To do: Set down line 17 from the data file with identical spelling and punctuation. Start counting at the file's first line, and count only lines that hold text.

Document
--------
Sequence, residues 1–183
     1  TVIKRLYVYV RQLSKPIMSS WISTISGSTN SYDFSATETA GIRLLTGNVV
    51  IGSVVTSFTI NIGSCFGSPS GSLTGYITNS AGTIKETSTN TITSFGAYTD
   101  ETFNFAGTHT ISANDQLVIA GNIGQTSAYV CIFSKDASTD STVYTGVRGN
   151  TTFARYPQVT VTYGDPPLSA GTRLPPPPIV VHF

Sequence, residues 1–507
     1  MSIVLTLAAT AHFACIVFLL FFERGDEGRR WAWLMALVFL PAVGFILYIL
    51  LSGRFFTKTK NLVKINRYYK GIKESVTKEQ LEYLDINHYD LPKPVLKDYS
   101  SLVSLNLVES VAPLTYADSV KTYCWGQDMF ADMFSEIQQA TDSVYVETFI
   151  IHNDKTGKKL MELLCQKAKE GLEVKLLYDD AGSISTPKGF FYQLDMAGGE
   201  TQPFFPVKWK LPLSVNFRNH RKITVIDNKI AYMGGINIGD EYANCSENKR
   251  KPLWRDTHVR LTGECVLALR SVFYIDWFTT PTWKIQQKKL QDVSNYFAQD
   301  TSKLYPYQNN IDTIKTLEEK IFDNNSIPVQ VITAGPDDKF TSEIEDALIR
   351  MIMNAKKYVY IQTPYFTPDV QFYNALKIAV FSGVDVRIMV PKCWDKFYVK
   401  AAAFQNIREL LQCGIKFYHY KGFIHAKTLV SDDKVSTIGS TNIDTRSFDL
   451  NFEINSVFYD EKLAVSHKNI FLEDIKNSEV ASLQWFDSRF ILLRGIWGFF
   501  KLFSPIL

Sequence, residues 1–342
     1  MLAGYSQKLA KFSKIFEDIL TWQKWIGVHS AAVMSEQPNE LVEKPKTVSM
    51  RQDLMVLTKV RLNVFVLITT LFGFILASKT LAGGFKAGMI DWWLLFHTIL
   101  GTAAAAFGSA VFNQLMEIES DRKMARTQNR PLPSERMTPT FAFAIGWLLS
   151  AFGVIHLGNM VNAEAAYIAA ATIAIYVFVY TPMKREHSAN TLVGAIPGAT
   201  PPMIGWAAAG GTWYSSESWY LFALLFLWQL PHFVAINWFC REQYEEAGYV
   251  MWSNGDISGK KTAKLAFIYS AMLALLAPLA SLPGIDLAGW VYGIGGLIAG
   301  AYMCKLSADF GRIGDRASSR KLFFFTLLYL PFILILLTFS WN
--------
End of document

   501  KLFSPIL